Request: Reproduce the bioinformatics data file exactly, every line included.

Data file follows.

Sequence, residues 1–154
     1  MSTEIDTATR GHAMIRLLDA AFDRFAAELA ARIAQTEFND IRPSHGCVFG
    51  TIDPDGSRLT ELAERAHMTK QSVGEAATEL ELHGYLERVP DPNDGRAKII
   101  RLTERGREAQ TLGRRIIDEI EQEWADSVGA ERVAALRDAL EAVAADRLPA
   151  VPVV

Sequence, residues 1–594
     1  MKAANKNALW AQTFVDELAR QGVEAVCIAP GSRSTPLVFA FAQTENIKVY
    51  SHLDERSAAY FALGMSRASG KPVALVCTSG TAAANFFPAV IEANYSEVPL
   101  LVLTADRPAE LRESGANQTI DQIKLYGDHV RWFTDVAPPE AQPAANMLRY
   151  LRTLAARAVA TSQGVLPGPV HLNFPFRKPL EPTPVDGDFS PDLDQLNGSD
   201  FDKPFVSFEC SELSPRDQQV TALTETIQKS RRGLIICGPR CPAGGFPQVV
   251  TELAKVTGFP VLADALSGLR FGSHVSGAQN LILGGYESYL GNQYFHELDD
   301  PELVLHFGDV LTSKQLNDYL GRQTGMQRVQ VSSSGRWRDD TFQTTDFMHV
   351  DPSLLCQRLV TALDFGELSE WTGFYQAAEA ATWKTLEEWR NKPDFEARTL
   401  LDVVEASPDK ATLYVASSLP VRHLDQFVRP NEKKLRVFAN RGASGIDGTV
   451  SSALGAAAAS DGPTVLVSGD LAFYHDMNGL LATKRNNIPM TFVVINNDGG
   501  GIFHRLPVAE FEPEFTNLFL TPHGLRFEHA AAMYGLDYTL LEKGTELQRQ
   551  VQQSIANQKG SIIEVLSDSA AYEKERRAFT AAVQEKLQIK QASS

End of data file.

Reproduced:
Sequence, residues 1–154
     1  MSTEIDTATR GHAMIRLLDA AFDRFAAELA ARIAQTEFND IRPSHGCVFG
    51  TIDPDGSRLT ELAERAHMTK QSVGEAATEL ELHGYLERVP DPNDGRAKII
   101  RLTERGREAQ TLGRRIIDEI EQEWADSVGA ERVAALRDAL EAVAADRLPA
   151  VPVV

Sequence, residues 1–594
     1  MKAANKNALW AQTFVDELAR QGVEAVCIAP GSRSTPLVFA FAQTENIKVY
    51  SHLDERSAAY FALGMSRASG KPVALVCTSG TAAANFFPAV IEANYSEVPL
   101  LVLTADRPAE LRESGANQTI DQIKLYGDHV RWFTDVAPPE AQPAANMLRY
   151  LRTLAARAVA TSQGVLPGPV HLNFPFRKPL EPTPVDGDFS PDLDQLNGSD
   201  FDKPFVSFEC SELSPRDQQV TALTETIQKS RRGLIICGPR CPAGGFPQVV
   251  TELAKVTGFP VLADALSGLR FGSHVSGAQN LILGGYESYL GNQYFHELDD
   301  PELVLHFGDV LTSKQLNDYL GRQTGMQRVQ VSSSGRWRDD TFQTTDFMHV
   351  DPSLLCQRLV TALDFGELSE WTGFYQAAEA ATWKTLEEWR NKPDFEARTL
   401  LDVVEASPDK ATLYVASSLP VRHLDQFVRP NEKKLRVFAN RGASGIDGTV
   451  SSALGAAAAS DGPTVLVSGD LAFYHDMNGL LATKRNNIPM TFVVINNDGG
   501  GIFHRLPVAE FEPEFTNLFL TPHGLRFEHA AAMYGLDYTL LEKGTELQRQ
   551  VQQSIANQKG SIIEVLSDSA AYEKERRAFT AAVQEKLQIK QASS